What are your Lab instructors like?

  1. How strict are your lab evaluators? I guess this question is more geared towards ADN students than BSN's, as I suspect the BSN's have more time and their instructors can afford to spend more time teaching them. (assumption-- correct me if I'm wrong, I know BSN's have no end of stress too, and don't want to belittle that)

    In my program, we have an instructor who is very, very strict. She has a way of looking at you before you've even done something wrong that makes you THINK you've done something wrong and as a result you DO something wrong.

    I swear, the instructor I have for LABs had to take a special class on how to intimidate students and make people feel like an idiot. She is ten times worse than 90% of the surgeons I have worked with. She isn't ALL bad, as she is actually very good on a one on one basis. She just is moody, and humiliates you on many occasions but I don't think she even knows this. I suspect that she is bi-polar, or possibly suffering from hyperthyoidism. She just looks like someone with a VERY high metabolism, and on certain days is waaay up there, and others, waaay down. Not quite sure what it is, but I strongly suspect something there.

    Anyway, some days she is soo very negative. She will say rude things in front of others knowing that she is humilating you. I don't and never have taken that very lightly, and have bitten my tounge more than once when it came to her. I am an adult, and am not accostomed to such behaviour from someone who is supposed to be an authority figure.

    But then again, on other days, she is so very receptive. She is so into her job as a teacher, that you see her face light up when she recognizes that you've GOT it! You just want to give her a huge hug and thanks.

    Nine out of ten times though, everyone in my class will verify that she is a heartless, nitpicking unhappy woman who everyone hates. But then again nine out of those ten people are playing her game and passing. (well, make that six out of ten)

    I am curious, what kinds of things have some of you failed on, and what kind of very ridiculous things have some of you (or your classmates) been failed on?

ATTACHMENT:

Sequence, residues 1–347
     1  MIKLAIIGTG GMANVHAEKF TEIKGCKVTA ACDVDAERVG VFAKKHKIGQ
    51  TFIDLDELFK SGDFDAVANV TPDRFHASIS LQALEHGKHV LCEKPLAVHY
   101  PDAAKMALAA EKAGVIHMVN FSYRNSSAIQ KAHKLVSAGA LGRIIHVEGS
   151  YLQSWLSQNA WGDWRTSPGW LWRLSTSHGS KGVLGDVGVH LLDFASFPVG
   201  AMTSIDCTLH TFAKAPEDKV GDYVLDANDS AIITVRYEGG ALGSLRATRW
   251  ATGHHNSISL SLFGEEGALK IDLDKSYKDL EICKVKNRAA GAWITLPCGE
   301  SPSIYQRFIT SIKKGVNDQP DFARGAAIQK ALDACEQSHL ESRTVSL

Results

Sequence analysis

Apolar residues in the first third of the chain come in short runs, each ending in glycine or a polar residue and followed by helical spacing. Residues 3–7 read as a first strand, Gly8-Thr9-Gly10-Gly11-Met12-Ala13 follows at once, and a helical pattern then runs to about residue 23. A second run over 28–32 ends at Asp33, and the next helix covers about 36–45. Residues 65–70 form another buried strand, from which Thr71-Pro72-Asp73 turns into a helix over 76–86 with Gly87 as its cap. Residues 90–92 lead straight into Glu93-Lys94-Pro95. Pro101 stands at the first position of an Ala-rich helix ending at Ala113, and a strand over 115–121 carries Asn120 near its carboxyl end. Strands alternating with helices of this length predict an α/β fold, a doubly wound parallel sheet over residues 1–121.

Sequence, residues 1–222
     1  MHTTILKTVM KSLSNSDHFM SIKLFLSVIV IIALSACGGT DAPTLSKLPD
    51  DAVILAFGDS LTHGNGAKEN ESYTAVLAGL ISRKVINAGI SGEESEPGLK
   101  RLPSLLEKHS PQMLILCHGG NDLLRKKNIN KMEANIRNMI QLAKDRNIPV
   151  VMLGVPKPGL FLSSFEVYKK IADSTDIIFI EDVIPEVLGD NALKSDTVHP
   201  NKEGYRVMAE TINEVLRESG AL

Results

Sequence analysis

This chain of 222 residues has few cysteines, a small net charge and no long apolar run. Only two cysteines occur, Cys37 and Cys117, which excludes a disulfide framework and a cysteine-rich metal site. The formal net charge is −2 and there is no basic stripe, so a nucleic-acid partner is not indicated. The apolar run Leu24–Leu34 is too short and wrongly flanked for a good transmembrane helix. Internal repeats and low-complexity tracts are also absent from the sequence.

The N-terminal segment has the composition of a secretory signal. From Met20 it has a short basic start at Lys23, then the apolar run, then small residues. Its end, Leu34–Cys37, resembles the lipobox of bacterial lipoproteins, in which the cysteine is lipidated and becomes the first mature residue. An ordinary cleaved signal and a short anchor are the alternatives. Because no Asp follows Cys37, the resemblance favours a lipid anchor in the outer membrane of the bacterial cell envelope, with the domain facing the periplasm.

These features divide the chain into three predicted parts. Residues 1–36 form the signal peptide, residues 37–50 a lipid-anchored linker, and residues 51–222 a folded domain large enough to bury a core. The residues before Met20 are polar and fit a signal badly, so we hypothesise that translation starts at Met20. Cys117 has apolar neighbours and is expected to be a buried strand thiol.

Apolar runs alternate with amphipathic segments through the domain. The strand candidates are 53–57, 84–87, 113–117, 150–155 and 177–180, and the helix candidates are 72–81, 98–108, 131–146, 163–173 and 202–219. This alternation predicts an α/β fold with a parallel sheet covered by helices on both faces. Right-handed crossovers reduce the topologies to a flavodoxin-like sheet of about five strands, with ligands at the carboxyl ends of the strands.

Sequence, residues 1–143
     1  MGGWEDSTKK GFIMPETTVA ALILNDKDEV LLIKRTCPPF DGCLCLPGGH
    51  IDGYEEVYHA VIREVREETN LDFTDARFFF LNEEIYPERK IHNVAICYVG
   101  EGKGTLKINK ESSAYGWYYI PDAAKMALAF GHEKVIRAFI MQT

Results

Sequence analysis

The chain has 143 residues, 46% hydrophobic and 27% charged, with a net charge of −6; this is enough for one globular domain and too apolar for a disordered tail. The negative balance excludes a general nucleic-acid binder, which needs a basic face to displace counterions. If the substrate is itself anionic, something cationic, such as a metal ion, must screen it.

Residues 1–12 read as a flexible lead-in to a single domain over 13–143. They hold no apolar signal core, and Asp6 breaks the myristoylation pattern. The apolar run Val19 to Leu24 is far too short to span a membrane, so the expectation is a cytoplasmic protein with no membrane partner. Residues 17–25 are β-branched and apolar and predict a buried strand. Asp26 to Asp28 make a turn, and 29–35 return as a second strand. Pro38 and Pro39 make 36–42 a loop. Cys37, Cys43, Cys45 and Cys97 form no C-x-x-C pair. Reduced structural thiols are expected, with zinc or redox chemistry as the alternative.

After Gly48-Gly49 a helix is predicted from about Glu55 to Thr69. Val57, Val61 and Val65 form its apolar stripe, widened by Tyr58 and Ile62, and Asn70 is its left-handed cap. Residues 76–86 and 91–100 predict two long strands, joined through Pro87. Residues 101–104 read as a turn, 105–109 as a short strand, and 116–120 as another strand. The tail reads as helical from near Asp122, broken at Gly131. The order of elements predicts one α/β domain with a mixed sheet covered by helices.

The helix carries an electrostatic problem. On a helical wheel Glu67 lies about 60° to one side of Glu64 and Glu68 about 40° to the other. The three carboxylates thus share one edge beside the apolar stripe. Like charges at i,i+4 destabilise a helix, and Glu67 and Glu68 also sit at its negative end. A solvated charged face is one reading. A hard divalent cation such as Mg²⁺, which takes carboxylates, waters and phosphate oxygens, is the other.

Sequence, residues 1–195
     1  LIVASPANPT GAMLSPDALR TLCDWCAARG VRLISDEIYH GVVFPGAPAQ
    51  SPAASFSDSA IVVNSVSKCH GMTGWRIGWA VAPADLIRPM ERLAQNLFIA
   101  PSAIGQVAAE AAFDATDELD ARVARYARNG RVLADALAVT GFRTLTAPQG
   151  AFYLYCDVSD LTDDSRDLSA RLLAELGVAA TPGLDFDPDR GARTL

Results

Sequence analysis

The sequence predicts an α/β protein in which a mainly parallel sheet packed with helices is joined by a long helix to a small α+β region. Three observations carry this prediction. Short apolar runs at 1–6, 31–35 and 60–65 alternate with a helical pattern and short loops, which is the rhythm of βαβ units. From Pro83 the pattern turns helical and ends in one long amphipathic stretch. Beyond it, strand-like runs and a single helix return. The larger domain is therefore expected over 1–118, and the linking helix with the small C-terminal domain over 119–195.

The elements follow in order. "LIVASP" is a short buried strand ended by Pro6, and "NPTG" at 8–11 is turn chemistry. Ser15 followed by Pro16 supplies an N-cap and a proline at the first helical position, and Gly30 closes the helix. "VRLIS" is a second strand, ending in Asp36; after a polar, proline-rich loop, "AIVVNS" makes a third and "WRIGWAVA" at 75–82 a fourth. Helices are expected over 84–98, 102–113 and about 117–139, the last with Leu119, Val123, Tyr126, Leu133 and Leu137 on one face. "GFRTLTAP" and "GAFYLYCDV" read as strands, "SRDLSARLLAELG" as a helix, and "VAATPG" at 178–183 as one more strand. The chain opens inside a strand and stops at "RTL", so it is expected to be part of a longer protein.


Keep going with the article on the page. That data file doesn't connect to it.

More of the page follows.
My own instructor hinted to me that my failure was over nitpicky stuff that she wouldn't have failed me on. This very same instructor couldn't say a bad word against ANYONE if her life depended on it. Yet previous instructors let me know that they thought this lab instructor held too much clout, and was causing more damage with her negativity to the profession than she was helping the profession by throwing students out for small errors.

    I think the lab instructor is partially correct. She has to ensure that students understand things before she allows them to move on. The clinical instructors (RN's) that I have had in the past are also correct. She should not nitpick with the students over things they see daily and expect them to perform what professionals they deal with do not. (example: pushing a med with a 9th of a fraction of a bubble into someone when anesthesia pushes almost a cc of one)

    That's actually an understandable nitpick for an instructor to make.

    Try this one: How to push 5 cc's of a med over 2 mins. I thought 2.5 cc's a minute. That's .2 over 15 sec. Then .4 over 10... NO matter what, you end up with almost a cc after 2 mins have passed. if the PDR said to give the med "not less than 2 mins" would you have been failed for giving over 2.5 mins? As long as your post flush was at the same rate, who cares?? How to figure this out? The PDR says to dilute 2 ccs of pepcid with NS to equal 5cc or 10cc and push over no less than 2 mins. If I had to do it again, I would have mixed the 2cc pepcid with 8cc NS. So much easier to figure 10 cc over 2 mins than an odd number like 5cc.